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Despite promise, hops yield no antibiotic alternative

Long-term trials find hops do not improve nutrient digestion in ruminants, so are unlikely to serve as a growth-promoting antibiotic alternative.

Green Hop Cones On The Vine Humulus. Close-up Of Dry Green Ripe
Shanserika |

Long-term trials find hops do not serve as an antibiotic alternative in ruminants

Hops may exhibit certain antibacterial properties, but it doesn’t imbue alternative antibiotic benefits in animal feed, according to recent long-term trials examining hops’ impact on rumen fermentation.

Hops are known to have certain bacteriostatic properties — that is, they prevent bacteria from reproducing. And early research suggested hops could affect rumen fermentation, suggesting they might serve as a useful feed additive in place of antibiotics.

But recent long-term trials, published in Animal Feed Science and Technology, suggests that the impact of hop flower-derived acids on ruminant digestion decrease rapidly with time.

“We were very surprised that there were pretty minimal effects,” said Isaac Salfer, an assistant professor of dairy science at South Dakota State University and the lead author on this February’s paper. “We saw some slight changes in rumen pH. But nothing in terms of what we were expecting.”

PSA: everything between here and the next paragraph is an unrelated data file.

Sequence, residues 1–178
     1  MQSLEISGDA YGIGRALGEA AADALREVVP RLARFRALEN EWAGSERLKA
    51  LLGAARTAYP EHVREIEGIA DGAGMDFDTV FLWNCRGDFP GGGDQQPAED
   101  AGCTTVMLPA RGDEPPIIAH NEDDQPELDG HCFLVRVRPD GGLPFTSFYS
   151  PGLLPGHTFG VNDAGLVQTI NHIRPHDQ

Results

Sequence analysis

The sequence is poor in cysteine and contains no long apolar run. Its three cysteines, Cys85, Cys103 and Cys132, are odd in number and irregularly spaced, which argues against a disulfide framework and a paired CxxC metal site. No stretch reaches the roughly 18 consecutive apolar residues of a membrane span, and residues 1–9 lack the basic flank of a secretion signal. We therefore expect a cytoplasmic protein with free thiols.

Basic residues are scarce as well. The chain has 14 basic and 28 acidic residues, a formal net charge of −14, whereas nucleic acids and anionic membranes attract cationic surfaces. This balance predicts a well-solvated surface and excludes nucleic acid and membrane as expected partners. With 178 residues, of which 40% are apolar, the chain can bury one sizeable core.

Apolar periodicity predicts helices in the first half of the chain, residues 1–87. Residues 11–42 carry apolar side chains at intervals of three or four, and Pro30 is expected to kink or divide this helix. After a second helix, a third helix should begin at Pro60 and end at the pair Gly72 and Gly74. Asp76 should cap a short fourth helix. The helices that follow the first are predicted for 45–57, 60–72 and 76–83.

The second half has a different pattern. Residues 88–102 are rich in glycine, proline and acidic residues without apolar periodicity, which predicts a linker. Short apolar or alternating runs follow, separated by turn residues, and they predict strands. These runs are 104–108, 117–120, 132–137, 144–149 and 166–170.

It’s not entirely clear why the hop acids did not perform as expected. Previous trials had demonstrated that hop extracts have direct effects on rumen fermentation — at least in the short term. Salfer believes that the rumen may adapt to the hop acids over time, gradually negating their effect.

Rumen microbes, he said, “adapt to these hop acids and will compensate. So it might kill some species, but overall species adapt or develop resistance.” So in the short term, the hops appear to imbue antibiotic-like affects in ruminants, but the results don’t last.

This result does suggest that hops are out as the search for an alternative that might replace growth-promoting antibiotics in animal feed continues. But there remain other options that hold promise as research continues, Salfer said, such as oregano and capsicum extracts.

“The issue is they all seem to be less effective than the current standard on the market, which is an antibiotic,” he said, “but they are effective.”

With speculation about the promise of antibiotic alternatives on the rise, Salfer suggested producers investigate the scientific literature — or work with a consultant who can — to vet products before making a purchase.

“A lot of these, the mechanisms seem like it should make sense, and in theory they work,” he said. “But when you test them in live incubation, they don’t work, because the microbiome adapts.”

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